Sunday, 22 May 2016

Butterflies and Moths - Sunday Stamps II

It took me some time to identify the butterflies, and possibly one moth, on a set of stamps I acquired recently for this theme. There are 6 in the set , but I have only 5 of them all issued on 23 May 1966.

I recognised this as a swallowtail immediately. The Czech name is at the bottom of the stamp and its Latin name down the right hand side. Apparently it is known as the Scarce Swallowtail.

Clouded Yellow
Todler Red
Despite what may seem a strange appearance photos on the internet clearly show differences on the wing, with the purple colouration covering part or all of one wing.

Jason Red-eyed Parnassius Apollo
Photos of the next insect at rest made me think it is a moth.

I hadn't found a common name for the Panaxia Dominula until a few moments ago. Apparently it is a Scarlet Tiger Moth.

For more beautiful butterflies on stamps visit Sunday-Stamps-II-75. and follow the links.


Hilary Melton-Butcher said...

Hi Bob - wonderful selection of butterflies ... love the Todler Red - and am glad you told us about the two coloured aspect ...

I haven't seen many yet - but expect they'll be around .. cheers Hilary

Ana said...

what a great set! are these CTO or just used stamps?

VioletSky said...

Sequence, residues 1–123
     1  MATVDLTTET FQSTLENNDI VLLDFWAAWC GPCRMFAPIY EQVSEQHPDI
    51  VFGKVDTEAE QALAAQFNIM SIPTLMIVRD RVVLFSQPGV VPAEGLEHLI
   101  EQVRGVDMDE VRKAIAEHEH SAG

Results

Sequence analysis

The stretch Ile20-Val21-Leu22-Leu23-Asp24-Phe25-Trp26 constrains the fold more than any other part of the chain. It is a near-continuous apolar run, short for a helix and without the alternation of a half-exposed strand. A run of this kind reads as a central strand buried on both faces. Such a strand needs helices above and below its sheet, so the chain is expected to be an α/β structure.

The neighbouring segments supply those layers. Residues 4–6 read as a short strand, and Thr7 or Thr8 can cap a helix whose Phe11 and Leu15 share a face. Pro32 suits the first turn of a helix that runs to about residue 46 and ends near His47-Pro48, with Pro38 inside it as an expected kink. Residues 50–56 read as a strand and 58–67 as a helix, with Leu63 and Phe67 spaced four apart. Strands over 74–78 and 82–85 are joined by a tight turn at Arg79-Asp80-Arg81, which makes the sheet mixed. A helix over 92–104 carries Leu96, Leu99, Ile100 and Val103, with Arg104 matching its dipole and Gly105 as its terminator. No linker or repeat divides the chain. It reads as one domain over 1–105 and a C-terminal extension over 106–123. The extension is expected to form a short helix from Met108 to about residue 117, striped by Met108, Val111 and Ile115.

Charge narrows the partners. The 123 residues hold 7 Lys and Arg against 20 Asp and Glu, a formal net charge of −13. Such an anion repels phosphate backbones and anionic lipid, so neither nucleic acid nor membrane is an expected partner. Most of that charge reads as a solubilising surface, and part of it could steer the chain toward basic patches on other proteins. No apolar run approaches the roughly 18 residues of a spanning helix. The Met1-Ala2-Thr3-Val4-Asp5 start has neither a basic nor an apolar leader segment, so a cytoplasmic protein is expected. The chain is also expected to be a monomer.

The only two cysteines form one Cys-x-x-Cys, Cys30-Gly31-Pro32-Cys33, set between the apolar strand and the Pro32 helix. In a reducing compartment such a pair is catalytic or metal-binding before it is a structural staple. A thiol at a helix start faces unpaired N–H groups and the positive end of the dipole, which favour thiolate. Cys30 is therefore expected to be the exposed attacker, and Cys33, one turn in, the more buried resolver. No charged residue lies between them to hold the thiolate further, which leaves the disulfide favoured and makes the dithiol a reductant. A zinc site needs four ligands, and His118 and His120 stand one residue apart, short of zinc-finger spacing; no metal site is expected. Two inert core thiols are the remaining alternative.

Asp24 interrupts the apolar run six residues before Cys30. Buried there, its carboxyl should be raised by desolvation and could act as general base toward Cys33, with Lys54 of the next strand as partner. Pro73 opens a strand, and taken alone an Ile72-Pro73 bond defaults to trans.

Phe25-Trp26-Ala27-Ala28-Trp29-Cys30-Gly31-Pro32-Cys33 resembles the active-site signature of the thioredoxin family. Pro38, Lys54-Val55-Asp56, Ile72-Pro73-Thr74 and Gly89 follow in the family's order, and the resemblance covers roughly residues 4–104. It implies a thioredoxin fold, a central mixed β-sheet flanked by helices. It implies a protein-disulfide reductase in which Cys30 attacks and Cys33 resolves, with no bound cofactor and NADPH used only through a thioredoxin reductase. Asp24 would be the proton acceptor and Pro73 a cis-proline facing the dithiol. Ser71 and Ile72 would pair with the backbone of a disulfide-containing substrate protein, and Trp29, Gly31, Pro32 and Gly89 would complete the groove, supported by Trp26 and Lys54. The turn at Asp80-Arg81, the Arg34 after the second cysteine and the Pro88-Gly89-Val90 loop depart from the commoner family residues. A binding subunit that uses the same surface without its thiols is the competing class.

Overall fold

Wow, I've never seen different colours on the left and right hand sides of a butterfly. Surely a rare find!

Joy said...

What an interesting variation in the Todler Red, I always think of nature being symmetrical, wrongly it turns out.

FinnBadger said...

Some fascinating butterflies (and moth) that I've never even heard of before. The lack of color symmetry on the Todler Red seems very unusual.

Eva A. said...

But I'm impressed that you identified them!

Heleen said...

Beautiful stamps!

By the way, I think the Todler Red in real is symmetrical.
According to the Dutch wiki on the Todler Red (Apatura Ilia, in Dutch named 'weerschijnvlinder' = 'reflection / glint butterfly') the purple on the wings of the males shines like pearl-shell, and thus, depending on which side the light comes, can 'change'.
You can see a picture of this asymmetric shining on/from wings of his cousin, the purple emperor, , an "iridescent purple-blue sheen" they name it there.

I think it a clever solution of the stamp creator, as it must be a big puzzle to picture both colours in one butterfly in one stamp.

Bob Scotney said...

Thanks Heleen for the additional info on the Todler Red. The photos I saw on the Czech site had no details of the kind you describe; just shows how careful you need to be during internet research.